Let me put it this way—the game Dark Souls is excruciatingly difficult. Initially playing this game is beyond frustrating—however, it forces you to hone your skill and play smart. Further, when you master an area, the sense of accomplishment from overcoming even a single monster is much greater than what you would get from beating a level of Candy Crush. So, too, is the sense of accomplishment from sailing through a code review while working on a world-class product.

Because of our commitment to quality, we invite you to be just as ruthless and inquisitive when reviewing your peers’ code. You owe it to your colleagues to review their code quickly, but with a level of ruthlessness befitting a comic book super villain.

Thank you for your contributions, and again, it’s great to have you on the team!


Your New Teammate

P.S. I know this letter only addresses 19 of the 43 comments on your pull request, but I was thinking maybe we could discuss a small refactor that would make the remaining comments obsolete.


This guy seems like an ass. Not because of what he's asking of the new employee, but how he chose to communicate those thoughts. It comes off as rude. Code reviews don't actually have to be rude no matter how high your standards are.
I'm not impressed by this. I really prefer to do code reviews without calling them code reviews because people have so many hangups and insecurities built up around them doing them or not doing them.
I'd love to both give and receive this kind of feedback! However, it's very hard to not upset coworkers, who don't have the same set of standards as yourself. But why don't they? And why shouldn't they? After all, someone pays you to do this, so why not try to do it as good as possible?
It is laughable that he quotes Emerson on consistency, but promotes a ridiculous convention regarding ordering of imports.
This article is a fine case study in toxic work environments. Hilariously this article takes the high ground on technical quality and still manages to conjure a 2.2MB homepage. That's not caring about quality, that's called bike shedding. Instead of throwing a tantrum whenever someone new treads into your fragile little project, there are a myriad of alternative reactions possible. Why are formatting rules not programmatically enforced? Why wasn't the patch, pulled down, fixed and then explained what was wrong. Regardless if someone's new to the project, or new to the company - the way you acted will never be fruitful - and that's on you. Toddlers might get away with "meep", cartoon images and throwing public hissy fits; senior staff that should be trying to make people feel welcome and understood definitely cannot.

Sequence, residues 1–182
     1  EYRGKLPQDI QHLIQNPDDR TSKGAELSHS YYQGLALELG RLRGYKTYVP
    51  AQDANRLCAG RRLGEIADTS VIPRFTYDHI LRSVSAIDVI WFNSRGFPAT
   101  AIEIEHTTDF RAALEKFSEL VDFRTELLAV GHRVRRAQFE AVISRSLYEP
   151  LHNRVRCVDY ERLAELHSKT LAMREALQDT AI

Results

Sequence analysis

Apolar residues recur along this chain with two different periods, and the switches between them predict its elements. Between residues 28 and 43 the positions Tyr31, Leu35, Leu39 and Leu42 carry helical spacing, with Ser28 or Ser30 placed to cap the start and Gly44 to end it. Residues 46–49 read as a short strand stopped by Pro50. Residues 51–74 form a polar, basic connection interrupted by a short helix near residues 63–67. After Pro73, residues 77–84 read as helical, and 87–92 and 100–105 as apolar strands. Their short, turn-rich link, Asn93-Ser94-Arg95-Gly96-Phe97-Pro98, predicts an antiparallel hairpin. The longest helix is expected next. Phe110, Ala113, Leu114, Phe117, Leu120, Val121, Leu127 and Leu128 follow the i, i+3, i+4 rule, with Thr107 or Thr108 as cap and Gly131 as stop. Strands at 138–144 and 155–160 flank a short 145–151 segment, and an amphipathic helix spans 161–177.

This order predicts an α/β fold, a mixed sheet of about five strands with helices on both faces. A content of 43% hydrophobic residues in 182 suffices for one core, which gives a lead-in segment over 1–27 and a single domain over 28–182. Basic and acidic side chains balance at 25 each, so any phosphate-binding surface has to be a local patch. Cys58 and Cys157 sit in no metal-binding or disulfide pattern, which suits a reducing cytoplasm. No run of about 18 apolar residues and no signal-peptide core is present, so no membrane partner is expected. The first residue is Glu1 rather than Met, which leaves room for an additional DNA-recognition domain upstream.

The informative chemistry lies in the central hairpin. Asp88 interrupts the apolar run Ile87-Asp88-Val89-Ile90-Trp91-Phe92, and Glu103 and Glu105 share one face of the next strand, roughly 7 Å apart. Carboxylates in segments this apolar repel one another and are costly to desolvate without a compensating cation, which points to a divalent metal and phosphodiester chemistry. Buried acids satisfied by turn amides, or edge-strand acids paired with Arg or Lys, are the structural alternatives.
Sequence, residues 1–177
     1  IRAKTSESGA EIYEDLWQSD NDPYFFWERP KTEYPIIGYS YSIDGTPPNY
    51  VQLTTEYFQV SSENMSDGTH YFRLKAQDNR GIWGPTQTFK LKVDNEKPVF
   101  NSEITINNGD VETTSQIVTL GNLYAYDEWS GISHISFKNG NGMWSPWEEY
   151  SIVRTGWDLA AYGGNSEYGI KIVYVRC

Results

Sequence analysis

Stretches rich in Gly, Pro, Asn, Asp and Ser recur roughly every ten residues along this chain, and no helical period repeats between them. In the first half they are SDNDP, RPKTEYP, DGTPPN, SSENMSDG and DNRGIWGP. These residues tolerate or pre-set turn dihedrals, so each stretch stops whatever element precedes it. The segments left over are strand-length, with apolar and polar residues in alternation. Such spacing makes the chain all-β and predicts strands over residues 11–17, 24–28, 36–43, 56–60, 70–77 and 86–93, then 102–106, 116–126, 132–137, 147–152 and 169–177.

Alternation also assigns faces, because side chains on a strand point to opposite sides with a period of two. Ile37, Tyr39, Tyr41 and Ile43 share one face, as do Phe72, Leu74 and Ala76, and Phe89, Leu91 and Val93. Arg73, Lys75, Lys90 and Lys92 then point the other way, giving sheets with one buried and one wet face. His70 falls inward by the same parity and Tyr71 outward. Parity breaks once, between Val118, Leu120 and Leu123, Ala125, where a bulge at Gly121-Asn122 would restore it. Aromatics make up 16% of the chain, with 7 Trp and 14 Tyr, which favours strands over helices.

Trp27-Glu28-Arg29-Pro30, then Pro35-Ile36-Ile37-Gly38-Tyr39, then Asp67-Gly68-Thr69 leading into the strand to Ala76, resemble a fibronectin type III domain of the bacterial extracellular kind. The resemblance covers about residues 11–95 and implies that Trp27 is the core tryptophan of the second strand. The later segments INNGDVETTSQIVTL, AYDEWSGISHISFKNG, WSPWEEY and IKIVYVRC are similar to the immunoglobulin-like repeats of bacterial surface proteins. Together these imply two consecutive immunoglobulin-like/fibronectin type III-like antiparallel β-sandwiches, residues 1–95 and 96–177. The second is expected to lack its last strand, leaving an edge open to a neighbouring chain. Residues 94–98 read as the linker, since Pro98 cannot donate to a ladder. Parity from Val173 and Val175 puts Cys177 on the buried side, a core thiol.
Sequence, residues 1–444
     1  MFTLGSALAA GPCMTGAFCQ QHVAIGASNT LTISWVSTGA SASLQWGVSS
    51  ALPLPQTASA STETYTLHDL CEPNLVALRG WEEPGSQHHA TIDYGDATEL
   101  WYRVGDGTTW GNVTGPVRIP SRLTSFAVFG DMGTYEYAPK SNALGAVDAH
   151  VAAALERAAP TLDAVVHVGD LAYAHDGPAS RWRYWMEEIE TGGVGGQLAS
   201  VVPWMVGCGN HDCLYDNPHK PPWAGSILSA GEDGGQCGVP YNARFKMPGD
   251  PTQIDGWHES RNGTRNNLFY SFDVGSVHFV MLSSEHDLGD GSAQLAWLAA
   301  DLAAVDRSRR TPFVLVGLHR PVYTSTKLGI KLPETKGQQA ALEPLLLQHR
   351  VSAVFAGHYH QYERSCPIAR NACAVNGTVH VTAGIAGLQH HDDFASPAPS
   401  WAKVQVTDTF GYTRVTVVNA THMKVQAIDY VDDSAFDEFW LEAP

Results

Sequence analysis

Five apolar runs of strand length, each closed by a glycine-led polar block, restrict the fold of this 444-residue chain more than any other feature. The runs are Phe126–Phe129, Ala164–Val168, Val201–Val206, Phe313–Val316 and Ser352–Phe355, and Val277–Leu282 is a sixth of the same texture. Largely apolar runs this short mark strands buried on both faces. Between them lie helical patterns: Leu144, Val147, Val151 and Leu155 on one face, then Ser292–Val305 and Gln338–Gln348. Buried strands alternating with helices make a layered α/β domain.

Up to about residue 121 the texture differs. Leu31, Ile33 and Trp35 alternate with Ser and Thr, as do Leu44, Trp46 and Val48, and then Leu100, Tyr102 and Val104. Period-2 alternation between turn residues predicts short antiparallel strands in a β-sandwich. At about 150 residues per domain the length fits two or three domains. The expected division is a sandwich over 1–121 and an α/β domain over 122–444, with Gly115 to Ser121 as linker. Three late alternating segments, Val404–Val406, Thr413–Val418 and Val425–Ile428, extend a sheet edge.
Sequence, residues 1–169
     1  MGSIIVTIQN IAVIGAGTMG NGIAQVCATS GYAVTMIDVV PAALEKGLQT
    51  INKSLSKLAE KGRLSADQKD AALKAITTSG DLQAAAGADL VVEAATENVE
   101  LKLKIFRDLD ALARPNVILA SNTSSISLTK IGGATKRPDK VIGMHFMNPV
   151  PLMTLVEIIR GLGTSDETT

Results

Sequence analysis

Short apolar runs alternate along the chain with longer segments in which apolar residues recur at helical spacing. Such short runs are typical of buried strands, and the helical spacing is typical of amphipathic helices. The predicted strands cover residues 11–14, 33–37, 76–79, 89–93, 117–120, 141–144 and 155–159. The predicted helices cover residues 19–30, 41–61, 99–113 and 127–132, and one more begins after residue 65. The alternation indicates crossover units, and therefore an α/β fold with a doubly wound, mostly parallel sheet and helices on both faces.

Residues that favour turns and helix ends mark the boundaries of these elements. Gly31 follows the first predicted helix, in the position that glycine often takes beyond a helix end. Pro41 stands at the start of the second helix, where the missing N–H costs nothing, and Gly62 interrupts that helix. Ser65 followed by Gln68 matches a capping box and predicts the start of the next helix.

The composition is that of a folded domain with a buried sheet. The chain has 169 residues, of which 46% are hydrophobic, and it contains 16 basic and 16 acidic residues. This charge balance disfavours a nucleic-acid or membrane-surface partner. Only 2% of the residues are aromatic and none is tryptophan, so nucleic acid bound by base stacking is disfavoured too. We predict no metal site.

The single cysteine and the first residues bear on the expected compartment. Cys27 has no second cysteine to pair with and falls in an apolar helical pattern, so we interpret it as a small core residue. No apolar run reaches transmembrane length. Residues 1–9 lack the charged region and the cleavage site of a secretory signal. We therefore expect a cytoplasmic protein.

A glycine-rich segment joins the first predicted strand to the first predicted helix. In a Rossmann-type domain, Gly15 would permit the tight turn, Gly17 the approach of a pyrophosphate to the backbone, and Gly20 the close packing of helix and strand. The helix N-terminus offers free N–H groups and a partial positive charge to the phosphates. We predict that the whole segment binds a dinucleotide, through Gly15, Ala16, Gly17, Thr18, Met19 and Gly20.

Every code review is a teaching and learning opportunity. If the reviewer just overwrites the author's work and then offers some explanation, there is no confirmation the explanation was understood and the author has little impetus to ensure they understand. The reviewer gains skill at explaining and idea or technique. The author learns it and will be able to incorporate it going forward. The author also has the opportunity to push back on a comment and help everybody could come to learn a new and better way. Reviews make knowledge ripple through an organization. Reviewers don't own the developer's code and it disrespects the author and destroys their sense of ownership to just overwrite what they produce without consultation. It might be acceptable to make a pull request on their branch if the reviewer is unable to make progress explaining something via comments.
I would never want to work with this guy and I feel sorry for the new employee. A review comment of “Beep!” is utterly useless. Author - you need a lesson in being humble.
Does nobody realize this is satire?
Apparantly not. It was pretty obvious to me.